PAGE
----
Der Herr - One of History's Earliest Men's Fashion Magazines

Der Herr – One of History’s Earliest Men’s Fashion Magazines

If you are a regular reader of the Gentleman’s Gazette, you probably know that I am an avid collector of vintage men’s fashion magazines.

Der Herr Magazine Cover from 1921

Der Herr Magazine Cover from 1921

Not only are the illustrations of Apparel Arts, Esquire, Monsieur, Cutter & Tailor, Arbiter, Herrenjournal etc. outstanding, but the information contained therein is so much more comprehensive than anything we enjoy from Flusser, Rotzel et al. nowadays. In fact, when you compare the information and attention to detail in these volumes to what is available today, modern day authors look like amateurs. Therefore I have made an effort in the last 4 years to collect and digitize as many magazines as I can to make them available to the men of today. In the process, I regularly discover previously unknown publications (to me) across new men’s fashion publications from the past. While there are often unexceptional, I find a few gems every now and then. Online, there seems to be a heavy imbalance between English and American men’s fashion magazines and those from other countries. Personally, I am a native German speaker and so it is easy for me to read and find new German magazines, but I am certain there are more treasures in Spanish, Dutch, Russian, Portuguese, Italian… we just have to find them! So if you ever come across any of these vintage magazines, let me know.

Der Herr Cover of the 1930's

Der Herr Cover of the 1930’s

Der Herr – Men’s Fashion from 1913 to 1943

Today, I want to introduce you to the magazine Der Herr – meaning The Gentleman, which is probably one of the earliest magazines of its kind with the first issue being released in 1913 at the Rudolf Maurer Verlag Berlin! Just for comparison sake, Esquire was not issued until 1933, Apparel Arts debuted in 1931, Herrenjournal and Arbiter in 1927, Monsieur in 1920. Only the Tailor & Cutter had its inception earlier than 1869, however unlike der Herr, which was directed at consumers, the Tailor & Cutter was a trade publication for bespoke tailors that dabbled in consumer questions of style and fashion. The editorial team of Der Herr was spearheaded by Hubert Miketta, who – together with Baron von Eelking – set the tone of German men’s fashion for more than half a century. Unlike the Herrenjournal, in which Eelking published all the fashion editorials for the first few years, Miketta had hired authors from the get go, although he would also contribute articles himself. Despite WWI, Der Herr was published from 1913 throughout 1943, when the Total War required every non-propaganda publication in Germany to cease its operation. Due to the two world wars, and the fact that the target market was never very large, issues of Der Herr are rare though very insightful about the fashion intricacies at the time.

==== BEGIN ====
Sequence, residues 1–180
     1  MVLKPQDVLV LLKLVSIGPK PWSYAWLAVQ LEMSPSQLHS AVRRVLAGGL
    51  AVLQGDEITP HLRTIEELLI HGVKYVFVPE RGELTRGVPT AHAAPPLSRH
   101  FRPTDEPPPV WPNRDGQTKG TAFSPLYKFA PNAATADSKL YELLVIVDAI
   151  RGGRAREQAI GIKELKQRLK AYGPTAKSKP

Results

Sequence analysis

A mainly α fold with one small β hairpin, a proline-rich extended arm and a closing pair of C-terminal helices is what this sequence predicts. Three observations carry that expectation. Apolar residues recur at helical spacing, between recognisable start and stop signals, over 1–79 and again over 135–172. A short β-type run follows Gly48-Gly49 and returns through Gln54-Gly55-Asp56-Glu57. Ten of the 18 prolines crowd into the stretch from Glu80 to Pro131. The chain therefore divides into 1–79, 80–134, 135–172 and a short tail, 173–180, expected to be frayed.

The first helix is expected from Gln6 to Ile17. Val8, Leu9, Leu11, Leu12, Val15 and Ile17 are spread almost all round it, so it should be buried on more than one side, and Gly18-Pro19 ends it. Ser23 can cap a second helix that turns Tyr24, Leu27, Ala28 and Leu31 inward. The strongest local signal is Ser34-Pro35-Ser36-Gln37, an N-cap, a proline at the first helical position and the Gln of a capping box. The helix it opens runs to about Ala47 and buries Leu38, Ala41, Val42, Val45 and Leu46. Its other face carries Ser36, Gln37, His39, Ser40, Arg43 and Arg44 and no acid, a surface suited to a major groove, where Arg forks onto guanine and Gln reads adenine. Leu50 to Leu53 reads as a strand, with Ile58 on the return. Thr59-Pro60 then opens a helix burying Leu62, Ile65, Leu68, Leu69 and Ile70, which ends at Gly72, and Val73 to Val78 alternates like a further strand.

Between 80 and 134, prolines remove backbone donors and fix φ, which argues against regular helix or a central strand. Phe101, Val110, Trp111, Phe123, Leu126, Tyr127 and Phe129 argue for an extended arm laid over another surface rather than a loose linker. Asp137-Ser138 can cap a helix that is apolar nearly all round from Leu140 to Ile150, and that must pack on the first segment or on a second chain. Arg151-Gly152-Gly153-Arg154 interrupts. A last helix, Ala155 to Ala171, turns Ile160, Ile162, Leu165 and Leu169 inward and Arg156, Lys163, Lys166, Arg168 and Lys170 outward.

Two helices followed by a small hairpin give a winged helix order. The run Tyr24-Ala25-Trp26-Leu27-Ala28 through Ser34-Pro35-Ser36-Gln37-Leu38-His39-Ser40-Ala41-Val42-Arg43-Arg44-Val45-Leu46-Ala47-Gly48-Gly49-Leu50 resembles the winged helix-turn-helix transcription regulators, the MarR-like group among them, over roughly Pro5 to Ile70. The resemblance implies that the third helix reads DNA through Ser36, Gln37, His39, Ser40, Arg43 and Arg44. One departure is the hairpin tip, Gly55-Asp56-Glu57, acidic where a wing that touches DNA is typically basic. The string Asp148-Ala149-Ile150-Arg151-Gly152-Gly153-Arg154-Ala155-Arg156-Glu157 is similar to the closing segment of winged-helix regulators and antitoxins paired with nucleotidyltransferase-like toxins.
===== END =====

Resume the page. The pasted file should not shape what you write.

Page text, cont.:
Der Herr in the 1920s

Men's Clothing in the 1920's frock coat, slim shoulders & narrow trousers

Men’s Clothing in the 1920’s frock coat, slim shoulders & narrow trousers

So far, the earliest edition I have seen is from 1921. I really enjoyed reading the very first issue because it is so very different from the magazines at the end of the decade. At that time, an issue usually consisted of just 12 – 20 pages, whereas fashion magazines in the 1930’s could sometimes have more than 100. However, since there were no placed advertisements in these early editions, they provide a good overview of the period fashions. First of all, the cover of the magazine always showed a gentleman lounging in a club chair with a lounge suit, cigarette, spats and an issue of Der Herr. Once you flip through the first few pages, you see the distinctly 1920’s silhouette of body coats, such as the frock coat and the newly popularized morning coat. Unlike in the 1930’s, the shoulders are very fitted, the trousers are cut slim and there is no drape in the chest. Just look at this picture of the two gentleman. The waist is very fitted, and the two-button coat on the right has the lower button on the waistline, just like the Paddock coat, the chest pocket is very angled, the lapels are slim and the shoes are pointed. Of course, both of them walk with their cane, which was purely decorative, and almost obligatory for a member of the gentry. The gentleman on the left wears a 4×2 frock coat; even in the 1920’s frock coats were already long past their peak. Interestingly, overcoats were cut much wider back then, despite the rather narrow fitting suits. The articles in the magazine are rather short and rarely extend to 3 pages, but as the authors expressed, just a few years before there were no gentlemen left. They were either soldiers or a men, but not gentleman. Now that the war was over, men in Germany once again returned to dress culture. Of course, they look to other countries and cities such as Hyde Park in London, the Côte d’Azur or Fifth Avenue in NYC. They also talked about travel outfits, which for a while no one could pursue such leisurely activities. The following group illustration gives us a good overview of the fashions of the day in Germany.

Men's Clothing in 1921

Men’s Clothing in 1921

Der Herr in the 1930’s

German Fashion Illustration

German Fashion Illustration

In the 1930’s Artur Rey was the head of the editorial team and the covers now changed with every issue. While the content of the 1920’s issues was always in black and white text and illustrations, you can find more illustrations in color as well as black and white photograph in the thirties. With the change in men’s fashion, in England and the US, the suits in Germany changed as well. The illustrations now clearly show the trend of wider yet rounder shoulders, drape in the chest, full cut trousers and more fitted overcoats.